If you are only going to play for friends and family, your ability may not be at a level (as you are not playing very often) that requires all 88 keys or even pedals. So you may be able to use a small portable keyboard. Not only will this save you money but it will give you the option to play chords with one finger or even program backing tracks.

If you were looking to play in a local band then you may need something a bit bigger and a little more flexible. Because of the nature of local bands, you may end up playing different kinds of musical sounds (like brass or string sounds) as well as playing piano parts. This means you will need all 88 keys, pedals and the option of playing different musical sounds. And because you will be travelling it will need to be portable. So a good quality keyboard will be fine.

If you want use your piano for songwriting it depends on what role the piano will play in this process. If you will be writing complex piano pieces you will need something similar to what you would need if you were playing in a band. But if you will only be using it to enter notes into a computer, it would need to be compatible with your computer (and have the right software). You may not even need all 88 keys.

For these first few examples, weighted keys will not be important nor will the width of the keys, as these are features that do not relate to what the instrument is being used for The feel and width of the keys in these instances are more to do with personal preference.

For examinations you will either need a real piano or something that feels as much like a piano as possible. It will need 88 standard-width keys, pedals and be weighted (the keys need to feel like the keys on an acoustic piano). The examinations will be performed on an acoustic piano and you will need to practice on something that simulates the feel and sound of a piano as much as possible.

Once we know what your goals are then we can look at the practicalities involved with the type of piano that is best for you. How much space do you have? This is an important question to ask because if you need an acoustic piano and you have your heart set on a full-size grand piano but you live in a small top floor apartment with no lift, it may be impossible or extremely expensive to get it into position. So does the piano that is best for you also fit in the space that it needs to go? If not we need to get as close as we can while keeping the components that are important to our goals.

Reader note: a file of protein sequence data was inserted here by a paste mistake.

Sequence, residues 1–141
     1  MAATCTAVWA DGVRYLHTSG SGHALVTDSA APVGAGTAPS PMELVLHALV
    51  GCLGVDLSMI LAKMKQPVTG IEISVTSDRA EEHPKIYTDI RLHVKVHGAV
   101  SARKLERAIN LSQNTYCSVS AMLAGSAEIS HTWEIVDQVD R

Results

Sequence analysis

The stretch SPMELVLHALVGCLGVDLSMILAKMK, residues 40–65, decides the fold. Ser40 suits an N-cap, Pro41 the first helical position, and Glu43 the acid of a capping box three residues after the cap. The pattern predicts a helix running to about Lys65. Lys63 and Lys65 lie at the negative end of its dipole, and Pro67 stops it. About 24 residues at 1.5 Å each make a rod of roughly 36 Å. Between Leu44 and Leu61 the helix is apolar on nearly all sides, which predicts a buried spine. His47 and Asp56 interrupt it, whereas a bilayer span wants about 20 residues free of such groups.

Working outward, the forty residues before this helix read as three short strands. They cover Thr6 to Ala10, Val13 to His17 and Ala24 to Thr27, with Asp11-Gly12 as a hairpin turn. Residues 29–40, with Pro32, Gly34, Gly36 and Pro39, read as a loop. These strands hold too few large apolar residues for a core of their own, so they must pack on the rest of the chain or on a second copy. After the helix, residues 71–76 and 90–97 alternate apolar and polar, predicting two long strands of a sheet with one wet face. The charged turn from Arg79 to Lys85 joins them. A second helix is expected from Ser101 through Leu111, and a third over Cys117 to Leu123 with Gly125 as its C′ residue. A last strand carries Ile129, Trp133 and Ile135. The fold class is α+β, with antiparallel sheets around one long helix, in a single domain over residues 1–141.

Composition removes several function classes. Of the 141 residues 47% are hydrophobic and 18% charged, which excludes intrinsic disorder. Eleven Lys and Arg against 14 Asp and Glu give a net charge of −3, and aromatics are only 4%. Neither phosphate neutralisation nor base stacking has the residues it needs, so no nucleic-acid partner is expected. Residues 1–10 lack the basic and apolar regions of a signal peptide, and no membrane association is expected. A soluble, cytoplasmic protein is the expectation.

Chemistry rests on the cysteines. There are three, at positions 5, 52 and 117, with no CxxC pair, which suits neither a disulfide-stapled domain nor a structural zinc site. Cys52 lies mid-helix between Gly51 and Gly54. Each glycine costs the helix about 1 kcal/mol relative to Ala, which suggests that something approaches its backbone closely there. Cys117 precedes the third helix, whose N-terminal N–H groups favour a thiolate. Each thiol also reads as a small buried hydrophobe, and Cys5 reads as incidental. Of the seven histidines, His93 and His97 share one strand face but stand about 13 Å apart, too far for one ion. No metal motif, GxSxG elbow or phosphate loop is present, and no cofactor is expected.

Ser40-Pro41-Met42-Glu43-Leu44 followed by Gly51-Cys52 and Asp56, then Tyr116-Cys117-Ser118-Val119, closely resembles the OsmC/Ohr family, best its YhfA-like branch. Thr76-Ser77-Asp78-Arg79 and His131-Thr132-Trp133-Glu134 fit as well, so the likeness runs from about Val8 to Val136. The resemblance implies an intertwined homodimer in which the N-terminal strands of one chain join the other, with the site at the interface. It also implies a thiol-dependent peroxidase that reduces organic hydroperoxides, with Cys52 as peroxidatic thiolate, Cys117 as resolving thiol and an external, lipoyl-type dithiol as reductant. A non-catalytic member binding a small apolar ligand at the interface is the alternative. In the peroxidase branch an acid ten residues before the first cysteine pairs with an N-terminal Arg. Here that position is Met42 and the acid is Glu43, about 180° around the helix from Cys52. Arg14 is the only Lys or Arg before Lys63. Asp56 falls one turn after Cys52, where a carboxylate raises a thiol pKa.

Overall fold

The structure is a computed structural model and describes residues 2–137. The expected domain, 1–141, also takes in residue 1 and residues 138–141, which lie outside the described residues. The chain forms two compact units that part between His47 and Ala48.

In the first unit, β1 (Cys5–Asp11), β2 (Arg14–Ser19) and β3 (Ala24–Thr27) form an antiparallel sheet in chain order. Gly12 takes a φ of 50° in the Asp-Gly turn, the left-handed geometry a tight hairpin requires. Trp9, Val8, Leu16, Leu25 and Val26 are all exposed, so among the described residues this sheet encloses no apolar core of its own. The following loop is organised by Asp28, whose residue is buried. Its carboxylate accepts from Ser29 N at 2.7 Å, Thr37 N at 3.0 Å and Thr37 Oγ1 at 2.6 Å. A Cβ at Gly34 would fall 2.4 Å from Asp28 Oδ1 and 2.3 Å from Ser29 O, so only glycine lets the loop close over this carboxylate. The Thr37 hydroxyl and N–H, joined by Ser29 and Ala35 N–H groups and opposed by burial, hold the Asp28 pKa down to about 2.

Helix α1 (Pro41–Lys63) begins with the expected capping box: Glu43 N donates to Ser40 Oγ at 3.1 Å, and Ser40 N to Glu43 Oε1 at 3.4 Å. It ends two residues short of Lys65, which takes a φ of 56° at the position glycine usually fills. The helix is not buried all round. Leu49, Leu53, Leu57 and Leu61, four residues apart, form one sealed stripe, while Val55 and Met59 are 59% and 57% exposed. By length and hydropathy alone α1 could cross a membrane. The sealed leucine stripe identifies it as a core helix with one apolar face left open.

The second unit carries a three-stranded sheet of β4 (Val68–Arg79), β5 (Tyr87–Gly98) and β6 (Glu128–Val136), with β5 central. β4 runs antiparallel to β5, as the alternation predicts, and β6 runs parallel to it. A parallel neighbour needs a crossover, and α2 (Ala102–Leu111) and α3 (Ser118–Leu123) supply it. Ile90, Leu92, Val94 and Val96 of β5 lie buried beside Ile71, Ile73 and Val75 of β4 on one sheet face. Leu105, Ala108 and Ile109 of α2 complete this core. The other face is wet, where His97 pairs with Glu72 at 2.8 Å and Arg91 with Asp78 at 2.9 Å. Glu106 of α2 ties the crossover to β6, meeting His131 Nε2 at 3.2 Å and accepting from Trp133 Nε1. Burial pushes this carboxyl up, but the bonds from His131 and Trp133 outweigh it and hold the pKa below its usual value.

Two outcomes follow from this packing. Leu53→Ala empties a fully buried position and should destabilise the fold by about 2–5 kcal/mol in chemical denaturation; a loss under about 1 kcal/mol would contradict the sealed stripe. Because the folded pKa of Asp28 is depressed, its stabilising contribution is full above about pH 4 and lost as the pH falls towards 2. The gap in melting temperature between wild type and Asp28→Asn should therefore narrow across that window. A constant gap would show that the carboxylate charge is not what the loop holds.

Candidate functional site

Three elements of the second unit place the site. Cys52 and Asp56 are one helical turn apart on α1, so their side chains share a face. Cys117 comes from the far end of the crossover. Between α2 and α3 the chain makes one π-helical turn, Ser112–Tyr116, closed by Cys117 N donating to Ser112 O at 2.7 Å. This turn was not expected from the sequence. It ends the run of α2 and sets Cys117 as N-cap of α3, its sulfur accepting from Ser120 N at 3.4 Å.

If you are doing exams then you will need a keyboard that feels like an acoustic piano so that you will be able to practice on something that is similar to an acoustic piano. This can be achieved in a few ways, the first is by getting an upright piano. Uprights take up less space and are easier to fit into smaller spaces. If an upright is still too large for the space, the second option would be a weighted electronic piano or keyboard. Once again, this would need to have standard width keys.

Check back soon for the next part of this article.

Practice makes marginally better 2

By | Bass Guitar, Guitar, Piano, Ukulele | No Comments

Pack well

So now we know where we need to go and we know how to get there. Now we just need to make a list of things that we will need to get to our destination. Is our instrument in tune? Do we have a suitable area to practice? Do we know exactly what the point of this practice session will be? Do we have all the materials that we need?

If we have all of these things then we are ready to start. All of these things are important. If you practice with an out of tune instrument it will be hard to develop your musical ear as you will not get used to hearing what the notes should sound like. The place you choose to practice needs to be free of distractions as this will inhibit you from concentrating well. And if you do not know the point of each practice session, then you will not have any idea of what you are doing and therefore will not progress. If you do not have the correct material then you may not learn the technique correctly.